The strength of the U.S. dollar fell Wednesday after the Federal Reserve hinted that the impact of the financial crisis of 2008-09 is still affecting consumers and investors, and hinted that inflation is not yet on target to raise interest rates. Photo: FotograFFF / Shutterstock
WASHINGTON, June 17 (UPI) -- The strength of the U.S. dollar fell Wednesday after the Federal Reserve hinted at fiscal policy movements that aren't quite what investors expected.
The ICE U.S. Dollar Index, which measures the strength of the currency against others, slid 0.74 percent Wednesday to 95.8810. The drop occurred after the Fed hinted that interest rate increases will be slower than many investors expected, MarketWatch reported Wednesday.
In its most recent monetary policy statement Wednesday, Fed policy makers said that even after employment and inflation have returned to desirable levels, the market climate might still keep benchmark rates below "normal" levels.
The Fed said it is not yet "reasonably confident" that inflation is rising toward target levels.
Federal Reserve chair Janet Yellen said Wednesday that the interest rates will remain low for a while still, as the impact of the 2008-09 financial crisis and its ensuing recession continue to affect consumers and investors.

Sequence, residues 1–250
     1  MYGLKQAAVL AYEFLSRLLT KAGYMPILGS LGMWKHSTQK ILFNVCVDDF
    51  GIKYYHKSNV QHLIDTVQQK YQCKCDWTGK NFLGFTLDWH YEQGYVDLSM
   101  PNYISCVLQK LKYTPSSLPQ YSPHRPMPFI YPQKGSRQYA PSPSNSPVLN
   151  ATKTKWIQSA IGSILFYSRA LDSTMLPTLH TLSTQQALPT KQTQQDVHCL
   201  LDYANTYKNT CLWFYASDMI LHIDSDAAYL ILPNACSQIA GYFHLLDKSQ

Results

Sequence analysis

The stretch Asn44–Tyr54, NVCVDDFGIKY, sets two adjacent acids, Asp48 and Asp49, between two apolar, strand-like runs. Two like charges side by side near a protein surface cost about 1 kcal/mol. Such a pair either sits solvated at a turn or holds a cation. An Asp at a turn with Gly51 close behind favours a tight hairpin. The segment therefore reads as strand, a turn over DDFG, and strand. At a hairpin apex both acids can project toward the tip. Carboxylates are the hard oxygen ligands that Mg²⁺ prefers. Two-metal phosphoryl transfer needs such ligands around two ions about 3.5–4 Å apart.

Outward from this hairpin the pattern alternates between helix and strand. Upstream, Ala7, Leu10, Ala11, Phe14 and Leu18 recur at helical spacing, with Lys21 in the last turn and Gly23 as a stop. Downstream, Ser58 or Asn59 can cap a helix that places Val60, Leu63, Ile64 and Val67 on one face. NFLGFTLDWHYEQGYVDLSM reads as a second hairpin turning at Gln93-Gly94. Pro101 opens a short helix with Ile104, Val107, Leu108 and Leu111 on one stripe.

"The message out of the Fed is that the U.S. economy is weaker than we thought in early 2015, but modest rate rises are still appropriate by the end of this year and the economy will be able to handle it," Matthew Sherwood, of Sydney at Perpetual Ltd., said in an email to Bloomberg Business Wednesday. "We may not reach the peak [of interest rate hikes] until end-2017, making this cycle the smallest and longest cycle on record."
Yellen did acknowledge, however, that household spending and consumer sentiment has rebounded from a sluggish first quarter.
The euro, meanwhile, strengthened to $1.1340 -- its highest level since late February, and Britain's pound rose to $1.5834, its highest level of the year so far, MarketWatch reported.
"The U.S. central bank may be opting for boredom rather than boldness, and that judgment is entirely appropriate in the high debt world we live in," Sherwood said.